Take the money now—you might not get a better offer.
That’s the advice of one analyst who thinks that a potential £3.1 billion buyout bid for wealth manager Quilter would be as good as it is going to get for investors.
U.S. private-equity firm Warburg Pincus has reportedly held discussions about a possible takeover of Quilter, according to a report in Bloomberg.
“We think shareholders should strongly consider accepting a bid around the current level,” said David McCann, analyst at Numis
in a research note.
He thinks Quilter
which only listed on the London Stock Exchange 18 months ago, is a “jack of all trades and master of none,” and claims the company lacks focus.
The stock, surged more than 12% on news of Warburg Pincus’ interest on Tuesday. The shares were trading 1.2% lower at 164 pence on Wednesday at 15:40 GMT and are now up more than 16% since its IPO in 2018.
Wealth management groups are set to be a hot takeover target this year as they struggle due to rising regulation and pressure on fees.
The sector has gone through a wave of mergers and is proving to be attractive to cash-rich private equity groups.
“We have seen a proliferation of smaller independent wealth managers, some of whom now feel burdened by rising compliance costs and the complexities of recent regulatory reforms and want to sell their practices to larger independents,” analysts at Bain & Co wrote in a report in November.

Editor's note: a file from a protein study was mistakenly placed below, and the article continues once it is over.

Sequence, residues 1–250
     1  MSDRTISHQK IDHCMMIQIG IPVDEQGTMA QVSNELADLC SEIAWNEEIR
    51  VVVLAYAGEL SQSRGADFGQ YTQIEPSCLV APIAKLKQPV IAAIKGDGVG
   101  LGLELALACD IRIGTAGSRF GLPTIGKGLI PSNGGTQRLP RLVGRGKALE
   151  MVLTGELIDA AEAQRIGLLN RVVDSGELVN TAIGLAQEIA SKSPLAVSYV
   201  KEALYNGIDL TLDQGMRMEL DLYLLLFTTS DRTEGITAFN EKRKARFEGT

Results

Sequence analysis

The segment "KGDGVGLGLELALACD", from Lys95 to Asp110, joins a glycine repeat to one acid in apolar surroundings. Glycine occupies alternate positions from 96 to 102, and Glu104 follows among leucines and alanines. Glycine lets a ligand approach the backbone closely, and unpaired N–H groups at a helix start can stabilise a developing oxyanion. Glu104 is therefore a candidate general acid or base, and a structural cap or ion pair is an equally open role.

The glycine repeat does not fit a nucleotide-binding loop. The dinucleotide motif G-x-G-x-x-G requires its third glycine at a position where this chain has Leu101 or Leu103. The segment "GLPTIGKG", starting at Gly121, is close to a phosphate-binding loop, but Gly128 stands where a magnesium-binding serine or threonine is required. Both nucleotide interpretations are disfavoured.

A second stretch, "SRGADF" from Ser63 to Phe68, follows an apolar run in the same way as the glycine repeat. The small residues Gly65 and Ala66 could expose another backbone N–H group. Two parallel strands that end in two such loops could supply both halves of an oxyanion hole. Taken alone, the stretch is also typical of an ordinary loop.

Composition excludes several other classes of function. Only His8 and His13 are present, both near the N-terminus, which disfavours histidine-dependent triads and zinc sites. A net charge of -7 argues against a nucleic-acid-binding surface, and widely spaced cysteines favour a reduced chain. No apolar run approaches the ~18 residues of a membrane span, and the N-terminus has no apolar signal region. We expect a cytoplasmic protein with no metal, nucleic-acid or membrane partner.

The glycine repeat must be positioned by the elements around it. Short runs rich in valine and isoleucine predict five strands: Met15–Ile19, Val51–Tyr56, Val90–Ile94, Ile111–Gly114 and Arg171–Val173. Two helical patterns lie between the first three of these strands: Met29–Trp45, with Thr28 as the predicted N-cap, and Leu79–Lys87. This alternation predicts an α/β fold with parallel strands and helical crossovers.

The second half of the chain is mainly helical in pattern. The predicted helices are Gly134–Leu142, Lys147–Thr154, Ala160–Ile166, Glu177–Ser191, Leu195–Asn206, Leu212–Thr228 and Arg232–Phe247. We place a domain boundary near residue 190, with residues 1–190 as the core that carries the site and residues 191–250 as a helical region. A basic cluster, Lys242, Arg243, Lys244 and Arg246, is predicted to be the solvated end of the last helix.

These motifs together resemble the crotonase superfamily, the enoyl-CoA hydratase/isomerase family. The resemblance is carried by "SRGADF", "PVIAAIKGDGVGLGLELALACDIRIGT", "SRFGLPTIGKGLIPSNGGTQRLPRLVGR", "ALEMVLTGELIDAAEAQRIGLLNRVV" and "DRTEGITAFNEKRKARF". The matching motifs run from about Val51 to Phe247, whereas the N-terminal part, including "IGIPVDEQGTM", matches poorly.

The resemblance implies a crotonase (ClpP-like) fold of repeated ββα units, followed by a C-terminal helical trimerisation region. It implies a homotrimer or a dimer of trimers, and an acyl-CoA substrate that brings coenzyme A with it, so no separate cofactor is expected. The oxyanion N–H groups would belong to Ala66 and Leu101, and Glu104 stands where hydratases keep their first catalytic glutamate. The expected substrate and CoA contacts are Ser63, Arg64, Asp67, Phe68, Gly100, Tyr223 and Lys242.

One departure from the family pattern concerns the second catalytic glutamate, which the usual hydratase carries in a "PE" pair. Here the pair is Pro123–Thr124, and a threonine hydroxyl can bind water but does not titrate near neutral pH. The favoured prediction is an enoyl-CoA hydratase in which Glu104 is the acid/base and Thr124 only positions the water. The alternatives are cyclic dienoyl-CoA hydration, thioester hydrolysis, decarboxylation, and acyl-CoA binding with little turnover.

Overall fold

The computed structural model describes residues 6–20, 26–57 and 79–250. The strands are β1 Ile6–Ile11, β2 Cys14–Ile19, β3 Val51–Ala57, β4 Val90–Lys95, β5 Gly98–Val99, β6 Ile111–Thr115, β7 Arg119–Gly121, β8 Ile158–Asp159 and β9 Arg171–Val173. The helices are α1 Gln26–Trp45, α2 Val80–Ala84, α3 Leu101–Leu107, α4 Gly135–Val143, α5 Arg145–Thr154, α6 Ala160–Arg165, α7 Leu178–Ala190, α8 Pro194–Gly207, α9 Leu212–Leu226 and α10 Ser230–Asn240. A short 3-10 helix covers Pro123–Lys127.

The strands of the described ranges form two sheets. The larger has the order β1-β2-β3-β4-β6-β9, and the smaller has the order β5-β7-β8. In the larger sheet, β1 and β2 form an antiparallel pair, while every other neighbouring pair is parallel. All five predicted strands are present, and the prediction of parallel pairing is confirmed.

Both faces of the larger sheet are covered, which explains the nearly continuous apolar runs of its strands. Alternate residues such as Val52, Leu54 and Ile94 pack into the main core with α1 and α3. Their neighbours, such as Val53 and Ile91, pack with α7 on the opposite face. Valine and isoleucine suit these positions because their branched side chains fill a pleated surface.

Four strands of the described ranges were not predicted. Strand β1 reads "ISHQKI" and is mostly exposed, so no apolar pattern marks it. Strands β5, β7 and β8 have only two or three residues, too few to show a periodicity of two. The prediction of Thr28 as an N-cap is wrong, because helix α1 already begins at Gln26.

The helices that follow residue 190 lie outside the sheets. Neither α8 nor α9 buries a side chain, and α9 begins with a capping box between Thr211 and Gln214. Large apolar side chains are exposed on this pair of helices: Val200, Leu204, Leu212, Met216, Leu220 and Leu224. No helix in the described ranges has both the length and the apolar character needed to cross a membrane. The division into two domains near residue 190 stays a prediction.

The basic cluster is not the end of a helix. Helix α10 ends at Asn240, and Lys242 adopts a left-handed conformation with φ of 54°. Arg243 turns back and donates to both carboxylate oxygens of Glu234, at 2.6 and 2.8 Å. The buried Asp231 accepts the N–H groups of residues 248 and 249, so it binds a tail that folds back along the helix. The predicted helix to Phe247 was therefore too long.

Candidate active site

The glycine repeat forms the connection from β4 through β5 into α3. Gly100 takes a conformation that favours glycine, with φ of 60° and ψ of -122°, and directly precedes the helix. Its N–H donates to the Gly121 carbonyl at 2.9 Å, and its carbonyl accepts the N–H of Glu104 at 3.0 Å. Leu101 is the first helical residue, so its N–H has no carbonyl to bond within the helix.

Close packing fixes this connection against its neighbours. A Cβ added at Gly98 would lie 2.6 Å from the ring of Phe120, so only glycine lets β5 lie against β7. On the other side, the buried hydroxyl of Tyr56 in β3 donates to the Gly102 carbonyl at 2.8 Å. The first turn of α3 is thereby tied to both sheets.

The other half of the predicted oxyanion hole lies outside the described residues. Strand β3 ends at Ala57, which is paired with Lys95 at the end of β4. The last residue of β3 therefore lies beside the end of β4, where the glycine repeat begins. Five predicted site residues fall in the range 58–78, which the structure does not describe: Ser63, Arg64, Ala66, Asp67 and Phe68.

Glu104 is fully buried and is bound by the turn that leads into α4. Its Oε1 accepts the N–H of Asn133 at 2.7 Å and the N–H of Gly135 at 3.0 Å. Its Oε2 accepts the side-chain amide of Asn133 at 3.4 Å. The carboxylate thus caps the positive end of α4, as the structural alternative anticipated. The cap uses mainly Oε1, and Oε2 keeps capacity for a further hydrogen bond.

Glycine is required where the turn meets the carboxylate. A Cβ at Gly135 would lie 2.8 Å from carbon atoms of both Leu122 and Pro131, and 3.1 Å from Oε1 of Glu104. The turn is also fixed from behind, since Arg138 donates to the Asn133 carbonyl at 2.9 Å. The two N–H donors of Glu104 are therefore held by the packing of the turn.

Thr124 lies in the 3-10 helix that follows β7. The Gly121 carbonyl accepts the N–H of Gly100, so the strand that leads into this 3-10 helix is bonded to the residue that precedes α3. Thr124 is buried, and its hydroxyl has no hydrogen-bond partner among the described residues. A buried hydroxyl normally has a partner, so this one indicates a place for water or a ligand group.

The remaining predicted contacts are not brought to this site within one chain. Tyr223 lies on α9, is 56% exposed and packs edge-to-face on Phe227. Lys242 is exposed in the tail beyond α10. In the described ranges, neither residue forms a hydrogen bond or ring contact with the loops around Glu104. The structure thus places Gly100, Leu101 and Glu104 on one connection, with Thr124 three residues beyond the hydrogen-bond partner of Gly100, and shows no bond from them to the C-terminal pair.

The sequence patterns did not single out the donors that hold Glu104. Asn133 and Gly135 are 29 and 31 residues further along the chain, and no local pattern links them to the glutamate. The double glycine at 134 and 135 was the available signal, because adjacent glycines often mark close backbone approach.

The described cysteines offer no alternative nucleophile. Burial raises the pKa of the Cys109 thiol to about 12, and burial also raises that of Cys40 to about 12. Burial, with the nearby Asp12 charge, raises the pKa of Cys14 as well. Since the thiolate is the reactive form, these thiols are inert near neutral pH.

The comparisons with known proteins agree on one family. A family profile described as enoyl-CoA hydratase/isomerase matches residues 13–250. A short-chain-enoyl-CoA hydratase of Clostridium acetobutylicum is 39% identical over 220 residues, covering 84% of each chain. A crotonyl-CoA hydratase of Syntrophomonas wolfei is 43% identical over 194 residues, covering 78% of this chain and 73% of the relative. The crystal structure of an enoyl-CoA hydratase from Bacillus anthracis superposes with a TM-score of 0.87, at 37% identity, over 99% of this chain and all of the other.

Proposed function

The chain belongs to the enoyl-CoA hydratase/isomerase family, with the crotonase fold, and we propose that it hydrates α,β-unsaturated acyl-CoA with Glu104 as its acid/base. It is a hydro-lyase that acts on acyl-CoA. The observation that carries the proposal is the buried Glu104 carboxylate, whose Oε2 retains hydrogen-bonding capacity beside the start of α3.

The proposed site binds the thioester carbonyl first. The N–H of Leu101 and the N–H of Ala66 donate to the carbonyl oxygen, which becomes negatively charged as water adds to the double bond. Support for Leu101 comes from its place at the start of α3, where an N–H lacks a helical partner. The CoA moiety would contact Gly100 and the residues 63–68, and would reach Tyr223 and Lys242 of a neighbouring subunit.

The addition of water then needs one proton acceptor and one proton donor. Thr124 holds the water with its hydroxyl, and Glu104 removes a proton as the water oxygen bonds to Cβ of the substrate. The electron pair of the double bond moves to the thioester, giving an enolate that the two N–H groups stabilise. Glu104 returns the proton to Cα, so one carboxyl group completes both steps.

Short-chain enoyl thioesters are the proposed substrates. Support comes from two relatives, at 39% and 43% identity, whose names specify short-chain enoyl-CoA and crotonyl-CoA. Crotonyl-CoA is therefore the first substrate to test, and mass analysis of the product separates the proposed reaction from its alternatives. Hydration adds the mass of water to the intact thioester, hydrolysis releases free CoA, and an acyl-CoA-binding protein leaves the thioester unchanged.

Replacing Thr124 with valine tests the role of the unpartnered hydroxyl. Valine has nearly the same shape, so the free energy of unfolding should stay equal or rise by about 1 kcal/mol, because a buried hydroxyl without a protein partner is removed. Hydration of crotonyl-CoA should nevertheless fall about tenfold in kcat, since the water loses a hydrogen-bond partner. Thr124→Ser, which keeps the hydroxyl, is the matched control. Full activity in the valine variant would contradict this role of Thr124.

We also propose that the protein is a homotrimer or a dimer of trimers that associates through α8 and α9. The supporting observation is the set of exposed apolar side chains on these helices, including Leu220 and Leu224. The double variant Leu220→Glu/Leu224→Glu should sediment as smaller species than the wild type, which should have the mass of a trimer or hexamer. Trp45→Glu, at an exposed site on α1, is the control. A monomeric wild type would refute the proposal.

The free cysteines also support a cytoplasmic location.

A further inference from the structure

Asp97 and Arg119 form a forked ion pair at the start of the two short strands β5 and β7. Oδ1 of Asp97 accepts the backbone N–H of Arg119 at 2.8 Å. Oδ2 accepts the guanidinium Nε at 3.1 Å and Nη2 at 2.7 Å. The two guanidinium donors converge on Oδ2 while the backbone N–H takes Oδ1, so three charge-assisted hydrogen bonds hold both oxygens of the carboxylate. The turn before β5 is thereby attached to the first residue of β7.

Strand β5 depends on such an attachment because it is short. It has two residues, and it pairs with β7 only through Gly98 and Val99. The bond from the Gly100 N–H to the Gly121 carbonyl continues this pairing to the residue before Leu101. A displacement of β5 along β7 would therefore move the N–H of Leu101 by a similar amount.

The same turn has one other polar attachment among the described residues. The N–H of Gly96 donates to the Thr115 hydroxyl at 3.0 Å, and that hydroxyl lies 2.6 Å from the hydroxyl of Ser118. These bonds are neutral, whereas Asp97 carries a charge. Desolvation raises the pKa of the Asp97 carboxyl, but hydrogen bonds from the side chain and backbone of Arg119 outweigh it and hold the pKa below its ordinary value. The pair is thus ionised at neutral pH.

Tilney, backed by U.K. buyout firm Permira, snapped up rival Smith & Williamson for £625m in September, creating a combined group managing £45bn. Two months later, London-Listed wealth manager Brewin Dolphin struck a deal to buy Investec’s
Irish wealth arm for €44m. The deal followed Brewin’s £19 million acquisition of Bath-based Epoch Wealth Management.
Quilter has been in the sights of private equity before. Warburg Pincus and rival Cinven both showed interest in the business in 2016 before it was spun out of South African bank Old Mutual.
“Quilter would be a good candidate for private equity, rather than public market, ownership at the present time, given the extensive ongoing restructuring and platform transformation project,” said Numis’ McCann.
He said a price tag of £3.1bn would be equivalent to a 28% shareholder return since the company’s flotation.